|Violent crime in East PoS connected to lead exposure |
Thursday, April 11 2013
THE EDITOR: For more than two decades, violent crime in East Port-of-Spain and its environs has been increasing rapidly and today, we can safely say it has reached epidemic proportions. Successive governments have failed in their bid to prevent the spiralling continuous effect of criminality in these areas.
Millions of dollars are being spent year after year on this project, yet there is no positive result in the making. Did anyone ever thought about the possibility that the residents of East Port-of-Spain could have been exposed to lead particles?
The most likely areas that might have contributed to this phenomenon are the traffic congestion in the city on a daily basis up until April 2004, when leaded gasoline was banned, and the indiscriminate dumping and burning of all sorts of garbage at the city’s landfill, off the Beetham Highway, which can be characterised by its thick plumes of smoke that covered the entire city.
Exposure to levels of lead commonly encountered in urban environments constitutes a significant hazard for children, especially those less than six years old. Children with high levels of lead accumulated in their baby teeth experience lower intelligence quotients (IQs), short-term memory loss, reading and spelling underachievement, poor perception integration, and disruptive classroom behaviour.
In the United States, children who lived on or close to high-traffic streets had higher lead levels in their blood than children who resided in low-traffic areas. Lead in gasoline was found to be responsible.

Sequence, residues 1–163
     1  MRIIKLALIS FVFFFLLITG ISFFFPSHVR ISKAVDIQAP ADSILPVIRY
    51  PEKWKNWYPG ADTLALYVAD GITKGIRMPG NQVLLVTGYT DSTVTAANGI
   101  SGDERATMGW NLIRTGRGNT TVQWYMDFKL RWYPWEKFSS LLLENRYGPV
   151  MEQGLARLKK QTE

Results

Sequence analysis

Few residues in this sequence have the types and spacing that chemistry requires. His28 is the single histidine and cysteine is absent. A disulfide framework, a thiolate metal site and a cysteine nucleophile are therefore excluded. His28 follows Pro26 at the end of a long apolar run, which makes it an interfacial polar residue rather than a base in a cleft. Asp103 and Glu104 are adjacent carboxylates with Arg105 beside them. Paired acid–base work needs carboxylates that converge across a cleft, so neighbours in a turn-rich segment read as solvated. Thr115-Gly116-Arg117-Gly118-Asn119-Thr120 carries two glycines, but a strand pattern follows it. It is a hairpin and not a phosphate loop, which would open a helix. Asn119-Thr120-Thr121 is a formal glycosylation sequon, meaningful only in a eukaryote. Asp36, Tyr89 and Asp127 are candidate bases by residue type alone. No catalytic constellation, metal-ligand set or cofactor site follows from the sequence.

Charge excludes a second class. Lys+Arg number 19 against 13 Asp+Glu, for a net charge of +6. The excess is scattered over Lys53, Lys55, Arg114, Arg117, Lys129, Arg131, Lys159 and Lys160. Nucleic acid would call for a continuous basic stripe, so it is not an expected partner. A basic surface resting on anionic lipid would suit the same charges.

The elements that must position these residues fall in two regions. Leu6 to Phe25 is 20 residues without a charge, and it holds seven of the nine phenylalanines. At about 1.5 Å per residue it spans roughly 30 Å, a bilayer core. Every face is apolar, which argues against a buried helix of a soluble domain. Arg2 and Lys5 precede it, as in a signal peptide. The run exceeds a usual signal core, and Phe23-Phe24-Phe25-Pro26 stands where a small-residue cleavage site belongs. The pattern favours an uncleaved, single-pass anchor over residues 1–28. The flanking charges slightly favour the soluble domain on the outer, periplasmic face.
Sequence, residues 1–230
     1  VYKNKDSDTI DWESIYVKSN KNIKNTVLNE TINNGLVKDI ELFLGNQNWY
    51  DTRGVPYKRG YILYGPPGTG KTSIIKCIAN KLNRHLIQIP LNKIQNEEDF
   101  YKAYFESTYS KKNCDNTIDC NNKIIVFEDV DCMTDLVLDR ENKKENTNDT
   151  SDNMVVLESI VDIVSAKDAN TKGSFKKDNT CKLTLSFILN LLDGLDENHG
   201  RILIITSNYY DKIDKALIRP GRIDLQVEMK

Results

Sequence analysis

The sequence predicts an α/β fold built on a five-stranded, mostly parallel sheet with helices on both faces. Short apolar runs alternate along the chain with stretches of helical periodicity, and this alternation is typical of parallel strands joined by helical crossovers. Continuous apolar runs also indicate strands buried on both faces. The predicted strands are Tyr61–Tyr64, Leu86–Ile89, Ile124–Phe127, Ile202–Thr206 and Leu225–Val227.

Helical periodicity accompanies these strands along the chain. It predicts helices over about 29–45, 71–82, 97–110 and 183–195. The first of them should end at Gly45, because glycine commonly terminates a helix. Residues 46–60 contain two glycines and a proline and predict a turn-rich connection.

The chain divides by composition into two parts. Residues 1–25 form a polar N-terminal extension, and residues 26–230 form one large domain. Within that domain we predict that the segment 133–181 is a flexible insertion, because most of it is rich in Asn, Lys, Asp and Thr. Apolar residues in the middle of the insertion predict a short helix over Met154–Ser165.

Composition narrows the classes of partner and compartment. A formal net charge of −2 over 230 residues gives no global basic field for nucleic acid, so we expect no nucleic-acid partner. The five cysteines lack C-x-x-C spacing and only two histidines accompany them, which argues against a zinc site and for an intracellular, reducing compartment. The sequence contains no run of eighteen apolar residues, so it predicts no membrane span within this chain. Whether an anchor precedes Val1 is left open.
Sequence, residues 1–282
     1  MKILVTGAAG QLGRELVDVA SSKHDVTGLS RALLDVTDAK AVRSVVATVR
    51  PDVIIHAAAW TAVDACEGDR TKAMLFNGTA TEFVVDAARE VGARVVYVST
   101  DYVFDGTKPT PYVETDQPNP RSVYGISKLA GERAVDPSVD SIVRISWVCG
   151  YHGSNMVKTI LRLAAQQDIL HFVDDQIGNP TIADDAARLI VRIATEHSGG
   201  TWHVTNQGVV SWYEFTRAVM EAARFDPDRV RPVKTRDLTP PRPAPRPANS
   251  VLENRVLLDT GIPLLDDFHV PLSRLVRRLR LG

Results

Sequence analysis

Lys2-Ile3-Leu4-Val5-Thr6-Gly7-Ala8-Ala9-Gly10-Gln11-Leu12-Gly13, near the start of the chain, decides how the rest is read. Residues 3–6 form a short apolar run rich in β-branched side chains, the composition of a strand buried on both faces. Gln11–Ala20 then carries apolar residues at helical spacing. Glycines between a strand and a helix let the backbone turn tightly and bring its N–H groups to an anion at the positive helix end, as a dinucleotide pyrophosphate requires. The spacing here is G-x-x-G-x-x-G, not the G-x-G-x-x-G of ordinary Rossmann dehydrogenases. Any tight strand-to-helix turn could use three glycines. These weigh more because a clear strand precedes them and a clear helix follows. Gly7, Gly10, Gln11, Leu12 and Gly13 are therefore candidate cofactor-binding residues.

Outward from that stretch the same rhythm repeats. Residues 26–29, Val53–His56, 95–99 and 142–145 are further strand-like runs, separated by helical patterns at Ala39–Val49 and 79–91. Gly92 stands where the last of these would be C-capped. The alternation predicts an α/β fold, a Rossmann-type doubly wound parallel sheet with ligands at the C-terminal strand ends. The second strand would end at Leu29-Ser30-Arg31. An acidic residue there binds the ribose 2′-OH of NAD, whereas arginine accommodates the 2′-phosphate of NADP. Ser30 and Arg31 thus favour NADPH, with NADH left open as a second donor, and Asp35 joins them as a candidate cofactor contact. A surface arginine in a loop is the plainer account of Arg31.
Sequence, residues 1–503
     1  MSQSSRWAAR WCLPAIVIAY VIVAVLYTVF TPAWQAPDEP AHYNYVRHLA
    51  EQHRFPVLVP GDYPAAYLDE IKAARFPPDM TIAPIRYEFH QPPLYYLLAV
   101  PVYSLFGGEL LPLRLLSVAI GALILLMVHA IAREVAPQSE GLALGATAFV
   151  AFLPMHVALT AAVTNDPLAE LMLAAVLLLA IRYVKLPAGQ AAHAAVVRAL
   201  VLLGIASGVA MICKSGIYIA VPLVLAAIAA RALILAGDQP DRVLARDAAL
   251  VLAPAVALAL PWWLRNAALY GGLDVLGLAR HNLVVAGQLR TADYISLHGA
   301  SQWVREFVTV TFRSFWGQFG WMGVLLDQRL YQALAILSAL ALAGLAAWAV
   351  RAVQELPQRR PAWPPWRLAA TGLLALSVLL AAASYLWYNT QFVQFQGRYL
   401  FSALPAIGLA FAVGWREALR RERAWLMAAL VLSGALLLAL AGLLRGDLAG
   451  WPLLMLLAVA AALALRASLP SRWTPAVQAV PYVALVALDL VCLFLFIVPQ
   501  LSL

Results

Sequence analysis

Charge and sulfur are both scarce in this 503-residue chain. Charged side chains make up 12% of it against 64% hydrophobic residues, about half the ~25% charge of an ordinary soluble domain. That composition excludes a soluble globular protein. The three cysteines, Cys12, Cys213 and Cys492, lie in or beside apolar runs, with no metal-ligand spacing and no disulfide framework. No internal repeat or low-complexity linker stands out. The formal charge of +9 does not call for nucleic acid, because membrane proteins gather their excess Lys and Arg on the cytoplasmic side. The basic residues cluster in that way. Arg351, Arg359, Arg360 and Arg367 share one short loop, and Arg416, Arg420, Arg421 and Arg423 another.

Lead is emitted into the atmosphere as a component of aerosol particles. The small particles may be transported over hundreds or thousands of kilometres by high winds. High wind speeds have the potential for long-range transport.
Generations of children in East Port-of-Spain have been exposed to the effects of lead pollution from motor vehicles’ exhaust and smoke from the Beetham landfill. Lead exposure can be the most important factor influencing violent crime in East Port-of-Spain, and this effect on crime may be just the tip of the iceberg. Increase in impulsivity, aggression, can affect other behaviours such as substance abuse, teenage pregnancy, poor academic performance, poor labour market performance and single mothers. The young men (20s) in East Port-of-Spain would have been the young children in the 1990s. This is to give you an idea of what I am referring to.
Finally, it is every child’s birthright to be able to breathe clean air and have as full and healthy a lifespan as possible. The Government will have to invest large sums of money to fight lead pollution. But, when the health and intellectual faculties of a nation’s children are at stake, it is money that must be spent and must be spent now. As our most valuable asset, we owe it to our children to do everything possible to clean up our fast deteriorating environment of lead and crime.
Behavioural Sciences Department, UWI